The Kardashian family media approach used to be Swiss-watch precise: First, an event in the public life of the family happened, and was covered by the tabloid press in its moment. Then, some months later, the event would be the subject of an episode of “Keeping Up With the Kardashians,” their E! reality show, in which the siblings discussed matters direct-to-camera. This could prompt a whole new round of chatter, one in which the family controlled the narrative.
With their new series, Hulu’s “The Kardashians,” which Kim Kardashian and her mother and sisters executive produce along with Ben Winston, the family’s control has grown tighter, but has whittled away the element that made the whole thing go. They still want our attention, but find themselves without things they’re willing to say. This shows itself in numerous ways: For one thing, the old series used sitcom rhythms and inelegant lighting and camerawork to bring the viewer closer to its stars; glamorous though they might seem, they were ultimately just like the audience on the couch. As the second season of the family’s new show ends Nov. 24, it feels like a document of tight control, with the manner in which the family sees itself, as fashion-industry standard-bearers, relentlessly pushed forward in both overly slick aesthetic and in story.
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Nothing happens on “The Kardashians” anymore! It’s somewhat staggering. Sure, there are literal incidents: The series, this season, has devoted multiple episodes to Kim’s preparations for and eventual appearance at the Met Gala, at which she wore a dress iconically associated with Marilyn Monroe. (We are told that Kim is a “shape-shifter,” but see her actual preparations in terms of working out only briefly; the negotiation to allow her to wear the dress in the first place happens off-camera, though Kim describes it. It sounds like it would have been interesting to see!) And elsewhere, family members go to Italy for fashion week and for dress fittings, and prepare, in a snake-eating-tail moment that might be mistaken for coming full circle, for the premiere of their own show. But the various family members are vastly less insightful about fashion, about which they can express their taste and sensibilities as well as any star, than they are about the dramas of their lives, where their pinpoint ability to target and share feelings made them megafamous.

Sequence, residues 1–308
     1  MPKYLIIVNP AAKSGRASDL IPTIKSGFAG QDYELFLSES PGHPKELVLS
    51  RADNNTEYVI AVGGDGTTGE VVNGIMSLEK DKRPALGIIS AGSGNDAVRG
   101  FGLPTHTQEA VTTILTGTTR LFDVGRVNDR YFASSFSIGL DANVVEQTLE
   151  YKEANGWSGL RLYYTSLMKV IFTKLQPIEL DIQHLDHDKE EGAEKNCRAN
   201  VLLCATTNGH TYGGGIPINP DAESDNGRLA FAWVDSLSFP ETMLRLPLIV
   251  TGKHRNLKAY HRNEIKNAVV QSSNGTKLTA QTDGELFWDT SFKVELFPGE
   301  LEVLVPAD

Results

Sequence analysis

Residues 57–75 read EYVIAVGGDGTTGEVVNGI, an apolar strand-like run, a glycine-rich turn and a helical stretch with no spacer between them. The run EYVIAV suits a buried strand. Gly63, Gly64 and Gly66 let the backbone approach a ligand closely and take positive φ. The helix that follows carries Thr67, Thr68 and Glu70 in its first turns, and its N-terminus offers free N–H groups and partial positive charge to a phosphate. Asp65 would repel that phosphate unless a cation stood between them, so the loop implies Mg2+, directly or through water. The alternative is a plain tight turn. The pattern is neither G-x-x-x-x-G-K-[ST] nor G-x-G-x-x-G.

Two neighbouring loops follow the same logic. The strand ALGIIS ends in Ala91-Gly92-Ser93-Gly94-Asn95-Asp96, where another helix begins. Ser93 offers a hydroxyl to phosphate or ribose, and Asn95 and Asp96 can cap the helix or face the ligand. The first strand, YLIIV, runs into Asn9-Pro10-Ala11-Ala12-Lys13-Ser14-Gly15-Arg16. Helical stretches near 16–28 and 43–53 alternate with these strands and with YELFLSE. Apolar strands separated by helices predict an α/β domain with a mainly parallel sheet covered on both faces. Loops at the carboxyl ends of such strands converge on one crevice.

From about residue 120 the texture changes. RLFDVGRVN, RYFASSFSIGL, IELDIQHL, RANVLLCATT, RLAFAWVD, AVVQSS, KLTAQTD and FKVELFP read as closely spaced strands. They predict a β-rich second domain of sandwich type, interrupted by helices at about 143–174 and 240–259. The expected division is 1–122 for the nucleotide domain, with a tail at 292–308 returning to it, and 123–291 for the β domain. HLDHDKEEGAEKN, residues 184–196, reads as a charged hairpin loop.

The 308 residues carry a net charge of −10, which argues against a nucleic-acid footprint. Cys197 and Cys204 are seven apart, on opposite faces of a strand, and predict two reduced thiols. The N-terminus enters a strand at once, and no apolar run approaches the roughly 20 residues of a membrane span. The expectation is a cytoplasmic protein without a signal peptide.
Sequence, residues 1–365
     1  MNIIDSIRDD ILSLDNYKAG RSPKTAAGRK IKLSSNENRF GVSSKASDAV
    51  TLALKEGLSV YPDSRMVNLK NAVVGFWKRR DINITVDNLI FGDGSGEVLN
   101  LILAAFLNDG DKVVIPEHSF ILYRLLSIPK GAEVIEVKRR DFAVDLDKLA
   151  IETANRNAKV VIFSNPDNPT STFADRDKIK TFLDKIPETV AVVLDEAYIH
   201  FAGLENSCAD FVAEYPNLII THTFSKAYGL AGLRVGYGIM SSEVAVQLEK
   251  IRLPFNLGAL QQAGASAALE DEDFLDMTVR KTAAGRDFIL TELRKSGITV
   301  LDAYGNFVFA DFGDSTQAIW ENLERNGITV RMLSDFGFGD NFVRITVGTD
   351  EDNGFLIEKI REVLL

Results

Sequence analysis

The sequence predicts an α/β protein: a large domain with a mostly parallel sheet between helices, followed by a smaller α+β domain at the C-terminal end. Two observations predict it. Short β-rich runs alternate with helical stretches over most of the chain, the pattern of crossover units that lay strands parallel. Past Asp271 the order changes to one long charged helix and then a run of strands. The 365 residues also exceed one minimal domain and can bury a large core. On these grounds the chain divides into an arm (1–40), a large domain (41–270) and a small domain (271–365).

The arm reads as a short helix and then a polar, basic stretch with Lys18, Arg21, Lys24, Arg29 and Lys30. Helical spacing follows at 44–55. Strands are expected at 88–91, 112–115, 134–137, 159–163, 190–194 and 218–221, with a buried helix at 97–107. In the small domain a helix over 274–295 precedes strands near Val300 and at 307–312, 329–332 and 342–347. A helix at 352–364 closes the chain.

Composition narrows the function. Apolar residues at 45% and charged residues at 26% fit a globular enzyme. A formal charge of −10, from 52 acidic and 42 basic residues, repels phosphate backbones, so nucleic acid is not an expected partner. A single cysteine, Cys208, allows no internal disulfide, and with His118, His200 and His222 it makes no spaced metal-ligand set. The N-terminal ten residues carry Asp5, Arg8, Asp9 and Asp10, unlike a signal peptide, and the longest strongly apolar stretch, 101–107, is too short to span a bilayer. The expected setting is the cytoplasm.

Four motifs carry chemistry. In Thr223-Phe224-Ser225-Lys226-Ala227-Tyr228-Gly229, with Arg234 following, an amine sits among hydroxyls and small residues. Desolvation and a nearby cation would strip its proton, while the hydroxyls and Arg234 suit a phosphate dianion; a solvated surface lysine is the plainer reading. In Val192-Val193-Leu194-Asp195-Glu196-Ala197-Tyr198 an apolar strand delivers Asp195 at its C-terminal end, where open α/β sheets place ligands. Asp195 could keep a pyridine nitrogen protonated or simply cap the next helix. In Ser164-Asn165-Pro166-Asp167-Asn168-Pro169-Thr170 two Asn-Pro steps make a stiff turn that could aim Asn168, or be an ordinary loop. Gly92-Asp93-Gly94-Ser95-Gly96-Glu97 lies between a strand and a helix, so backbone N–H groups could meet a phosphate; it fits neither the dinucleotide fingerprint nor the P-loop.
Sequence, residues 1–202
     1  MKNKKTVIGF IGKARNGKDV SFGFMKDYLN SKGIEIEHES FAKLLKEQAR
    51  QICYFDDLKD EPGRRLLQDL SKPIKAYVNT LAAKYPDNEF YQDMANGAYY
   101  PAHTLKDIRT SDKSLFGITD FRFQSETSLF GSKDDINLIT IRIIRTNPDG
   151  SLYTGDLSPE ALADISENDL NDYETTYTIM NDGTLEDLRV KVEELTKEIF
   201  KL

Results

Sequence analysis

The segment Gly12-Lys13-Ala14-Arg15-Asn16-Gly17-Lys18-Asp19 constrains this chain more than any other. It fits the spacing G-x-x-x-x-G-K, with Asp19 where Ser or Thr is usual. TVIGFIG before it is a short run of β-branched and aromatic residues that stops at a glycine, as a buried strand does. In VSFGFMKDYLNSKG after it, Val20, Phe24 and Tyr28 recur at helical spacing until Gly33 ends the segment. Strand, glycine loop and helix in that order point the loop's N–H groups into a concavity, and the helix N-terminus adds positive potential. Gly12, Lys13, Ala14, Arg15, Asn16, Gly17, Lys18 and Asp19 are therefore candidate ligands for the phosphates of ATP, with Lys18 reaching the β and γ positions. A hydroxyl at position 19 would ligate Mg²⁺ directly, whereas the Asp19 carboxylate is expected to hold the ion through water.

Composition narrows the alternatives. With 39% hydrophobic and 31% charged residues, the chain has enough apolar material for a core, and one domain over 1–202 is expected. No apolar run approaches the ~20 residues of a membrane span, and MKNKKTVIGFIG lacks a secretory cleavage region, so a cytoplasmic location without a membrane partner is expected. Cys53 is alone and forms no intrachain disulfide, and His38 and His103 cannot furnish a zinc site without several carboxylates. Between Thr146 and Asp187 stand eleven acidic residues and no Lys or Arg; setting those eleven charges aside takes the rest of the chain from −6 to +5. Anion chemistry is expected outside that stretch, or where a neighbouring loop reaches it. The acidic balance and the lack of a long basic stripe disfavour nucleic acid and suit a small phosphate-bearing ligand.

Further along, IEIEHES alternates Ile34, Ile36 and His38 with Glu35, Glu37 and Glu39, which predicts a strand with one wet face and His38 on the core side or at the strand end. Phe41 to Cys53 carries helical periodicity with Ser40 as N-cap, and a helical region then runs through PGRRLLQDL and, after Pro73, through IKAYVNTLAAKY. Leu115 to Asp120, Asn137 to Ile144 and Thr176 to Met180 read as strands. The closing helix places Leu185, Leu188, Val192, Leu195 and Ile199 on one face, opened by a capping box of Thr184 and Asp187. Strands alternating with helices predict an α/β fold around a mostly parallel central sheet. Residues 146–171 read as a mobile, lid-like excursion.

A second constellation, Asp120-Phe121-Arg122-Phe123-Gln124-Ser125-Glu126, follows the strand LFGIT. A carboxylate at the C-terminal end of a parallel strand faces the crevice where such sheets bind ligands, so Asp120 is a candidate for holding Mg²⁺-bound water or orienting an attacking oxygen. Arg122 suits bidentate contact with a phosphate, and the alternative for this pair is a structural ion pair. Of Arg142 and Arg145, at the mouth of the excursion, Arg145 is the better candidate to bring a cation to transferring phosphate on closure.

And, here, that’s sanded away. The season’s first episode was set closer to the present, as Khloé reveals to the camera that she is imminently to have a baby via surrogate, a state of affairs she had been unwilling to discuss on-camera throughout the process. Her right to privacy amid such an emotional personal journey is indeed her own, but it exists in a funny way in a series putatively about opening up the family story to the world. The fact of such personal change happening entirely out of the camera’s line of sight re-emphasizes that what we see is what we are allowed to see, and brings the mind to just how little of that there really is. (Endless discussion of the decorating schemes of family private jets comes to seem both tasteless and like a way to pad out running time.)